As a final note, even if the system basically encourages you to do this, you should still make sure that the players understand that there will be consequences to their decisions, and try to present those consequences in a way that is fun and meaningful for them.


This is one of the things that comes up a lot with advantage/disadvantage systems - you get a lot of characters who are simply wacky because the players are trying to minmax the system without any thematic hold to what they're choosing. You have several options, however, none of them necessarily mean the players will LIKE it. You'll have to talk to the group and work out what will fit.

Limit which disadvantages are available

This is a good one if you see some disadvantages getting taken all the time or ones that are thematically inappropriate. Fitting them to the campaign you're running is totally appropriate.

"Pick one. Just one."

Players can choose 1 disadvantage. Period. This reduces the completely wacky characters and makes players have to think a bit more about what they want. The real min-maxers will be forced to take high-cost disadvantages, which often can be the ones that suck more. Likewise, players will have less points to buy advantages, so they'll need to be more judicious as well.

"If you take a disadvantage, I guarantee I will make it hurt"

If players take a disadvantage, let them know you will MAKE it a pain in their ass. However, part of this is if neither you nor the player can describe how this will probably be bad for them, they can't take it. Make the player give you suggestions for how it will screw up their life, and if they can't come up with something YOU can buy into, they can't take it.

A secondary issue

Some players minmax because they see it as the only way their characters might survive play. If you actually aren't running a game that will be pushing the edge of survival at all times, you don't have to minmax as hard. Letting the players know that can turn down some of the habits of this, if you all are in agreement in what kind of game you want to play.

  • \$\begingroup\$ +1 for "I will make it hurt" - Disadvantages should be treated like that and should fit with the character (forbid magic-disadvantages for mundane characters for example). And disadvantages should be played out during the game. So, your fighter has an anxiety of spiders? Well, dungeons are full of them... \$\endgroup\$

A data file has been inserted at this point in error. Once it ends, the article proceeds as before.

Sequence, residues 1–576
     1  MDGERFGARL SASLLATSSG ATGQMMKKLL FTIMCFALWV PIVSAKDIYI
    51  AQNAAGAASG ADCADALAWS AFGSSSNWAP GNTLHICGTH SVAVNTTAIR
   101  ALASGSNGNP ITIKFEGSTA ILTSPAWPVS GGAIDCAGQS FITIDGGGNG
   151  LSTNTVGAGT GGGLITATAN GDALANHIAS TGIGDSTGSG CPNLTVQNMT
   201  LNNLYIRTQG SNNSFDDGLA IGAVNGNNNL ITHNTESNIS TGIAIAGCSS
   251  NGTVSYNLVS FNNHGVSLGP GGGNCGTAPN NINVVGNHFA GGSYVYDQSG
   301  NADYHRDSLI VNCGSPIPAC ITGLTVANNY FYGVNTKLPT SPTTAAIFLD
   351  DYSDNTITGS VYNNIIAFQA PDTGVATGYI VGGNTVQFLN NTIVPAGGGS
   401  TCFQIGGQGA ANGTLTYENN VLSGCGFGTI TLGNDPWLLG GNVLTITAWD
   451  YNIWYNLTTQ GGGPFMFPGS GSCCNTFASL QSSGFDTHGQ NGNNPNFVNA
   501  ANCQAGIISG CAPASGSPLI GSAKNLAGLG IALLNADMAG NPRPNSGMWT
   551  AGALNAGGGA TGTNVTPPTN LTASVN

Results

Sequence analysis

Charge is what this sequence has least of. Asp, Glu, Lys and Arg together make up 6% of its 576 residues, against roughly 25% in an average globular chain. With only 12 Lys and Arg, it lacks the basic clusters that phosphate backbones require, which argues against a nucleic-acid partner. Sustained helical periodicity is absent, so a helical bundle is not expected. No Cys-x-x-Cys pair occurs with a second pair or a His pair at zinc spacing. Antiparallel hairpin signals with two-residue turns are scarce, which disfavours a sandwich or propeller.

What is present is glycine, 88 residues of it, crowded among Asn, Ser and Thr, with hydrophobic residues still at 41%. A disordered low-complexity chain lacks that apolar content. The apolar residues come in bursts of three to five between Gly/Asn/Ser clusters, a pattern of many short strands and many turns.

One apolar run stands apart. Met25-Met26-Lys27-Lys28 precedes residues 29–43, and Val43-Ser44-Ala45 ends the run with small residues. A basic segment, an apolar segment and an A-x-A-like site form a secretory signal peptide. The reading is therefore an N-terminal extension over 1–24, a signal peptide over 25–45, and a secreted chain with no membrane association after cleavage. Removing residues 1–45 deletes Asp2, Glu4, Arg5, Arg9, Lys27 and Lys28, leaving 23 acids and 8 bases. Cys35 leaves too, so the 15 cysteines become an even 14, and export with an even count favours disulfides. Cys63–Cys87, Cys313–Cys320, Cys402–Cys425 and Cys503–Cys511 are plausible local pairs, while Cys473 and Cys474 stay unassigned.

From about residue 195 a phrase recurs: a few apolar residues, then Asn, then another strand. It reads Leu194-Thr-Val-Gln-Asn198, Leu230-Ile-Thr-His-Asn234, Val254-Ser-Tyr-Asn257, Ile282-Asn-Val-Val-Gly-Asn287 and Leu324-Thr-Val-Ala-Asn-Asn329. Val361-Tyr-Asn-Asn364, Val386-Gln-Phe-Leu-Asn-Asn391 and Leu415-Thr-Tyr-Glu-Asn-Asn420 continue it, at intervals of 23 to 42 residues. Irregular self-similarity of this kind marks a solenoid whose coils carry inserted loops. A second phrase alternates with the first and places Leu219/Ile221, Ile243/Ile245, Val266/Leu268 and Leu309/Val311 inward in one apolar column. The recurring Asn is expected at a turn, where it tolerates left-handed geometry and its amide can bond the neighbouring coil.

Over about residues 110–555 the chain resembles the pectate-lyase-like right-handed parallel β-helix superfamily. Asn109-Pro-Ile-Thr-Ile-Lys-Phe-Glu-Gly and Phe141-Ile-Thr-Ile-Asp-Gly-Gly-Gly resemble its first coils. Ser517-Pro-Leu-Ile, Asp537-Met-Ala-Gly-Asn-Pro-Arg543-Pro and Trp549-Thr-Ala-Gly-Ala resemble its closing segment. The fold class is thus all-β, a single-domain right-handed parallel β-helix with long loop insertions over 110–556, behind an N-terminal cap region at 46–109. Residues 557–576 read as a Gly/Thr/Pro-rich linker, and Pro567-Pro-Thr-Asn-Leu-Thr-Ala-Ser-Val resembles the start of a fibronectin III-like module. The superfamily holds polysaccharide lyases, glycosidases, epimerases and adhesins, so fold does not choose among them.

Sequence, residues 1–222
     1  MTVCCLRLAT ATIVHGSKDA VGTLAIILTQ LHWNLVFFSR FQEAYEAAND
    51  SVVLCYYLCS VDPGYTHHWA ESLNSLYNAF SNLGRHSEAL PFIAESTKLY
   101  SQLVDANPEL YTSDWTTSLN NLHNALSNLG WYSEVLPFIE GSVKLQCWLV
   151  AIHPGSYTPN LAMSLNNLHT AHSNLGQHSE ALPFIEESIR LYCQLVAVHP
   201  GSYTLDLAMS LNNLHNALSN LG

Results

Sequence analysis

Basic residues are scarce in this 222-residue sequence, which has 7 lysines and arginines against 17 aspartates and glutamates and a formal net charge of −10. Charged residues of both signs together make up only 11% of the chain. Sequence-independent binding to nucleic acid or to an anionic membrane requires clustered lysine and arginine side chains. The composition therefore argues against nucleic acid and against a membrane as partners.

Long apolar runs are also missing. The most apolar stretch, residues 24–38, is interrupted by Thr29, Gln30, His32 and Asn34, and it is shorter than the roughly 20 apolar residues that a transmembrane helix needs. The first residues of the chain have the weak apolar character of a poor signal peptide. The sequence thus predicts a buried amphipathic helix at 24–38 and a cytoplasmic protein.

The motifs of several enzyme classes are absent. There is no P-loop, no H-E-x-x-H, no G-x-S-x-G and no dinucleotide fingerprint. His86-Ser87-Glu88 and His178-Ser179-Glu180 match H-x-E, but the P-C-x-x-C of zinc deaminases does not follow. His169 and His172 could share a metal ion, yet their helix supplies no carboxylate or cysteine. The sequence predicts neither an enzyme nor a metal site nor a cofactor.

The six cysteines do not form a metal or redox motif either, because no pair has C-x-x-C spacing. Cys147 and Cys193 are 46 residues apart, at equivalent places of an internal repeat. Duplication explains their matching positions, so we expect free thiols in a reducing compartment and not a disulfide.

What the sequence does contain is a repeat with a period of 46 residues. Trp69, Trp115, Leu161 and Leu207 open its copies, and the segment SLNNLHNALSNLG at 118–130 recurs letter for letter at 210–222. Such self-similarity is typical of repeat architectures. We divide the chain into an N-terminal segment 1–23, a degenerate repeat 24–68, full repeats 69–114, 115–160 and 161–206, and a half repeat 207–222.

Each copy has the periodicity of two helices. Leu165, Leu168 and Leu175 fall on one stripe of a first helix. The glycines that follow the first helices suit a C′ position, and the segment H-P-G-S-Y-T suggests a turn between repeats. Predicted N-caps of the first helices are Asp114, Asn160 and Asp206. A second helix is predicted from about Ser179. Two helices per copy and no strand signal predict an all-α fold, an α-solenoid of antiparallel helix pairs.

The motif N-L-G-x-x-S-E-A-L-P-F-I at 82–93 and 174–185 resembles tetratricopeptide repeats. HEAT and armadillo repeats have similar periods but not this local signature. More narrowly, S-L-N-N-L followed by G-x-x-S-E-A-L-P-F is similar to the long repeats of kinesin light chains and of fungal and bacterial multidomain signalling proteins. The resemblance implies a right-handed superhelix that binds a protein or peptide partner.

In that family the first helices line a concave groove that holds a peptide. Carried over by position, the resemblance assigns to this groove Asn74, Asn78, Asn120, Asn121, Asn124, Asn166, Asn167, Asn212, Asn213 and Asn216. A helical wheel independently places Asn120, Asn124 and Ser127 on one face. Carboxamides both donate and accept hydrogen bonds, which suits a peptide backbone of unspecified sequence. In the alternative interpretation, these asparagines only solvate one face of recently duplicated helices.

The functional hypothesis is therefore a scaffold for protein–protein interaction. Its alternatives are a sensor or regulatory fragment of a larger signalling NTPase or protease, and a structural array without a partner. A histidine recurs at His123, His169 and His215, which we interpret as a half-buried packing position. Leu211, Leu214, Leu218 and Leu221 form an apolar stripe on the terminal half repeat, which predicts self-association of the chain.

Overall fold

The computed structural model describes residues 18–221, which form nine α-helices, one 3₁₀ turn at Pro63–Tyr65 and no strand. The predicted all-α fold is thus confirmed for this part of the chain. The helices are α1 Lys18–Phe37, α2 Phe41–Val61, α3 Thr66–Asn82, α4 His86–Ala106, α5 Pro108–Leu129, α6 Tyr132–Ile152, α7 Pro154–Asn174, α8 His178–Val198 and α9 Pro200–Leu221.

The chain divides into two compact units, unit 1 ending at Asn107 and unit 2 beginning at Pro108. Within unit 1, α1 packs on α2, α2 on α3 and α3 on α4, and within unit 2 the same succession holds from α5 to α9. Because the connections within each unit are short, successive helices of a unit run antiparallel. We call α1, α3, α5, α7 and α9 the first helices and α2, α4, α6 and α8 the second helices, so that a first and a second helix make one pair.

– Ferox
    Commented Sep 8, 2015 at 6:46
  • 1
    \$\begingroup\$ An additional system-agnostic suggestion to limiting available disadvantages: make the list of disadvantages available specific to class, if your game is class-based. For instance, this would solve the problem the OP mentioned where a warrior takes a spell-casting disadvantage -- that disadvantage wouldn't be available, instead only disadvantages that are meaningful to the class. \$\endgroup\$ Commented Sep 8, 2015 at 14:49
  • \$\begingroup\$ A variation on "pick one" - GURPS, which starts characters with ~150 points, recommends limiting to three disadvantages worth 50-75 points, or one disadvantage of any size. Thus, most characters will have approximately one major, one moderate, and one minor disadvantage. The rules also explicitly forbid taking disadvantages that would be totally trivial or frivolous (fear of magic in a no-magic campaign, for example.) \$\endgroup\$ Commented Jul 25, 2017 at 18:57

What's happening here is your players are treating your "disadvantage" system in the same way that they treat all the other pieces of character creation: they're trying to build a good character.

Let's take stat point allocation as an example. Suppose someone is playing a fighter, and they choose to have their strength score be high, and their wisdom score be lower. We could say: "That's so lame! You're min-maxing your stats to make a better character! You should be playing something more realistic, like a fighter whose best stat is intelligence!"

Now suppose our fighter character is allocating their skill points, and they choose to put a lot of skill points in "melee combat". We could say: "That's so lame! You're min-maxing your skills to make a better character! You should be playing something more realistic, like a fighter whose skills are in food preparation and eighteenth century literature!"

And now our fighter character is choosing disadvantages, and they choose "afraid of spiders" and "can't tolerate spicy food". We could say: "That's so lame! You're min-maxing your disadvantages to make a better character! You should have taken 'prone to epileptic fits in the middle of combat' and 'pacifist'!"

In other words, the problem you're having is that [your players believe that] your game rewards more competent characters with greater success. This is not unusual: nearly all role-playing games do it. If you really want to fix this problem for good, you need to make it clear to your players that their characters' competence doesn't matter. One option would be to switch to a game like Fiasco where it's expected that everyone's character will die horribly by the end. At the minimum, you'll probably need to stop having combat in your game, because combat will usually reward the characters with the best combat stats.

If you're not ready to completely eliminate the "more competent characters succeed more" thing, a good hack is to use a simpler character creation system. You could use something like Dungeon World, where the aren't as many character creation choices, so there aren't as many decisions to min-max.

But, to formally answer your question: if you don't like people min-maxing their disadvantages, the best solution is to not use a system that has disadvantages. You can switch to a game system that doesn't have a "disadvantages" feature, or you can stick with your current game and simply house-rule it that part of it away. (If you house-rule it away, you might need to award your characters some bonus experience, to make up for what they lose by not taking disadvantages.)


Additionally, I recently found a new way: